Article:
- We advocate diversified exposure to Asia that focuses on companies that can continue to pay dividends throughout periods of macroeconomic uncertainty.
- On a thematic level, we believe artificial intelligence (AI), or more specifically companies supplying the hardware for AI, present interesting opportunities.
Over the last decade, a top-down view on Asia has driven investors to have increasing exposure to China, which has become a larger, dominating part of the region’s benchmark indices. But the tide has turned, and we are in a new regime for both interest rates and the makeup of Asia’s growth dynamic. Now it is not so much about making the right top-down asset-allocation calls at country level as about the type of strategy used to access the region.
Looking to the year ahead, we think the long-term structural outlook for China is poor, with the property market still unwinding, unfavourable demographics and rising youth unemployment. This view has been reflected in the levels of foreign direct investment (FDI) into China. In Q2 2023, the country saw its lowest quarterly investment since 1998,1 and in Q3 2023, FDI turned negative with outflows exceeding inflows.2 There could be more fiscal stimulus measures on the horizon, but for now it seems policymakers are taking incremental steps that are unlikely to make a significant difference.
As such, we think it is important to have diversified exposure to Asia that focuses on companies that can continue to pay dividends throughout periods of macroeconomic uncertainty. However, in the new interest-rate environment, with pressures on balance sheets, increased working capital requirements and supply-chain diversification issues, we think it is important to be selective within any dividend-focused approach.
In terms of countries, India and Indonesia have both made great strides in reforming land, labour and infrastructure, and hence FDI is increasing in both markets, along with efforts to bring manufacturing onshore. It is difficult to disintermediate China from the supply chain considering its huge manufacturing clout on the global stage, but we believe India offers significant potential given its long-term demographics, strong consumption and household income growth, as well as growing levels of urbanisation.
The biggest risk to the Asian region is geopolitics, both from within and externally, and 2024 is a big election cycle around the world. From an absolute risk perspective, the situation between China and Taiwan remains a key uncertainty. Given the potential repercussions of a conflict, however, it is in everyone’s interest to remain pragmatic. Investment strategies that limit exposure to China also run the risk of relative underperformance against the benchmark should policymakers in China implement some kind of ‘bazooka’ stimulus and its economy starts to thrive.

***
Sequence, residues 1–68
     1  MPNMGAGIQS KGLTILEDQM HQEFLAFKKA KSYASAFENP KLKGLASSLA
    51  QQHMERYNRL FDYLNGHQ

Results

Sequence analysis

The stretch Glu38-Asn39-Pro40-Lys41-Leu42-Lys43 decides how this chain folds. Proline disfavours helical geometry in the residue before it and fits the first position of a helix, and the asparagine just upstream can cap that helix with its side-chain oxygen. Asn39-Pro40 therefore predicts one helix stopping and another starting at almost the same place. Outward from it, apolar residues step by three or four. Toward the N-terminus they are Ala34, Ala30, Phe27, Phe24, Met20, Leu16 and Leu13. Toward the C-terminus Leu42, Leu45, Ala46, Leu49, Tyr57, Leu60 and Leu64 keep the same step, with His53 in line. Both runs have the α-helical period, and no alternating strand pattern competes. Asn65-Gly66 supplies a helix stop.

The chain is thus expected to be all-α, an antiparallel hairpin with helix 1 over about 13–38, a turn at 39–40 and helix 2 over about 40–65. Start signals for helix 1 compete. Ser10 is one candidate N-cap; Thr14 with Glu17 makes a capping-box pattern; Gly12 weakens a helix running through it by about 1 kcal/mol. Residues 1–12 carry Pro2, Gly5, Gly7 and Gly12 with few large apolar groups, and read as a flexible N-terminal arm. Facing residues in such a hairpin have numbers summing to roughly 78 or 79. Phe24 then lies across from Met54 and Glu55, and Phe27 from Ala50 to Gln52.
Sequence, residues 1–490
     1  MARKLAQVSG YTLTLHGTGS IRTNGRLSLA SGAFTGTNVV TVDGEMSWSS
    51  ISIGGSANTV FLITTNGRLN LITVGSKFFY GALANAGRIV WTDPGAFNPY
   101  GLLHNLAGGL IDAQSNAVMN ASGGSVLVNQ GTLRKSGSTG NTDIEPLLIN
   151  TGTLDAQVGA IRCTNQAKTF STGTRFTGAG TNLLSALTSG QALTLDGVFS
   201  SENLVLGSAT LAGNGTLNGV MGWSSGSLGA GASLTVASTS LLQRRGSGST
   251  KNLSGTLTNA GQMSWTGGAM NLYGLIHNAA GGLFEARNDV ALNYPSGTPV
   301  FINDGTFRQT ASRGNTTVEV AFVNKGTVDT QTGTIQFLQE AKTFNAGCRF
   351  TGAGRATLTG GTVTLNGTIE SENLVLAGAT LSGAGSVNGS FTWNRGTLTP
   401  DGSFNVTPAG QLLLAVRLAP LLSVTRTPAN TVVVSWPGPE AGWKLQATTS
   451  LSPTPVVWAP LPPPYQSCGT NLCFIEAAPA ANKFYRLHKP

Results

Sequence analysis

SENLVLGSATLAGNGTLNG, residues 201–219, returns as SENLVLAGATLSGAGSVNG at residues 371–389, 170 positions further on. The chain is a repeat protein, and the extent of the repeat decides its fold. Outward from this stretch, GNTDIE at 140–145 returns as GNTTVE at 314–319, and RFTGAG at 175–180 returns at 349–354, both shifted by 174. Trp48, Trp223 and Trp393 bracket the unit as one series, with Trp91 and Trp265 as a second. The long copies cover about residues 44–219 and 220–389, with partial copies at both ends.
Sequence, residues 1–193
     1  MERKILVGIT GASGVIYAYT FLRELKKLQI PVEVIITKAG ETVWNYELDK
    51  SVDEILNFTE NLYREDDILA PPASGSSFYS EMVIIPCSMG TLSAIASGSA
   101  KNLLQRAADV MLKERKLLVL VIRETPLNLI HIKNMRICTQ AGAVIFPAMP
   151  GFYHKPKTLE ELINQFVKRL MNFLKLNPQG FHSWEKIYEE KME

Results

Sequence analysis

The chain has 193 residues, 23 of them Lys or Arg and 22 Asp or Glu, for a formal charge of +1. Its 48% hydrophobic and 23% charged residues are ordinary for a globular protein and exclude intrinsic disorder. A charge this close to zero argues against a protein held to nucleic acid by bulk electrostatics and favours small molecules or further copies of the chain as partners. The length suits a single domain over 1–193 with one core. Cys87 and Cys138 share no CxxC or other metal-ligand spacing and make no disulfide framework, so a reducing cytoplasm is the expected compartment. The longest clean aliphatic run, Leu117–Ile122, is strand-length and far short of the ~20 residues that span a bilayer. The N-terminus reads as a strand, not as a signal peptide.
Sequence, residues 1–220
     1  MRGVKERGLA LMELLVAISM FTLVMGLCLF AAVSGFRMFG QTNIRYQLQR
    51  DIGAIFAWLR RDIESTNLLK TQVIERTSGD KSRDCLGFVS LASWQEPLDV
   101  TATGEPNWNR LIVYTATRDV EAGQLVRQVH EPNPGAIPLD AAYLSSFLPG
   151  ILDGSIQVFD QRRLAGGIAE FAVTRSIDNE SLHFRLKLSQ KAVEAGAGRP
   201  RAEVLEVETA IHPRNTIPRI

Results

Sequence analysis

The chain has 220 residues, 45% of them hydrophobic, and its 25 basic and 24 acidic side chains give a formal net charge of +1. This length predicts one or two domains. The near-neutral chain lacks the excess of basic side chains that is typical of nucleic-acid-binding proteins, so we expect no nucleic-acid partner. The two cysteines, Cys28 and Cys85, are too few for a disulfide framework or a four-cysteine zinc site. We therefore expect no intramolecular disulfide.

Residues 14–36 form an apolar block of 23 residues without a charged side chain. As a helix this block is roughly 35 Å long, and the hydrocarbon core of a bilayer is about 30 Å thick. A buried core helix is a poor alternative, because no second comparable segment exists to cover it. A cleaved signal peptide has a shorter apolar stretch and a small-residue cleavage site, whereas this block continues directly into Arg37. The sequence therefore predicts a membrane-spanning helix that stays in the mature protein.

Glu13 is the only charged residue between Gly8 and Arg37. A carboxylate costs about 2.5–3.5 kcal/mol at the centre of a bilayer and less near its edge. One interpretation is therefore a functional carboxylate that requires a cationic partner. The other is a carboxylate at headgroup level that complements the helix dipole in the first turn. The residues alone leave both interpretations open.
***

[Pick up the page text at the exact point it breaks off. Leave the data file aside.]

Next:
On a thematic level, artificial intelligence (AI), or more specifically companies supplying the hardware for AI, present interesting opportunities, in our view. Other companies, such as integrated circuit designers, have cash-generative business models, while IT services companies, particularly in India, have capital-light business models, meaning greater ability to pay dividends from profits.
Elsewhere, we see Asia’s ageing populations being supportive for income strategies because, as people grow older, there is a higher need for income to fund them in retirement.
Overall, as we look to the year ahead, we see companies in Asia that have strong balance sheets and generate cash to pay dividends as presenting opportunities – those with business models that we believe are most likely to be fit for the future, with good moats surrounding their businesses. We also emphasise the key role dividends play in the total return for any investors in Asia, which is harnessed in an income strategy.
1 Bloomberg. China’s Foreign Investment Gauge Declines to 25-Year Low. 7 August 2023
2 Nikkei Asia. Foreign investment in China turns negative for first time. 4 November 2023
This is a financial promotion. These opinions should not be construed as investment or other advice and are subject to change. This material is for information purposes only. This material is for professional investors only. Any reference to a specific security, country or sector should not be construed as a recommendation to buy or sell investments in those securities, countries or sectors. Please note that holdings and positioning are subject to change without notice. Compared to more established economies, the value of investments in emerging markets may be subject to greater volatility due to differences in generally accepted accounting principles or from economic, political instability or less developed market practices.
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